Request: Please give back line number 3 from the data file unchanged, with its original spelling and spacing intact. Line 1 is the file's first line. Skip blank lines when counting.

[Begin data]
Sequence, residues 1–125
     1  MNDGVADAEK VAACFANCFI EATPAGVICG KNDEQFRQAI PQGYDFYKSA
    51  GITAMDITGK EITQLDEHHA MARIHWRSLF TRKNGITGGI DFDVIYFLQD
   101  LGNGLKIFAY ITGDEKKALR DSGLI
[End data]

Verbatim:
    51  GITAMDITGK EITQLDEHHA MARIHWRSLF TRKNGITGGI DFDVIYFLQD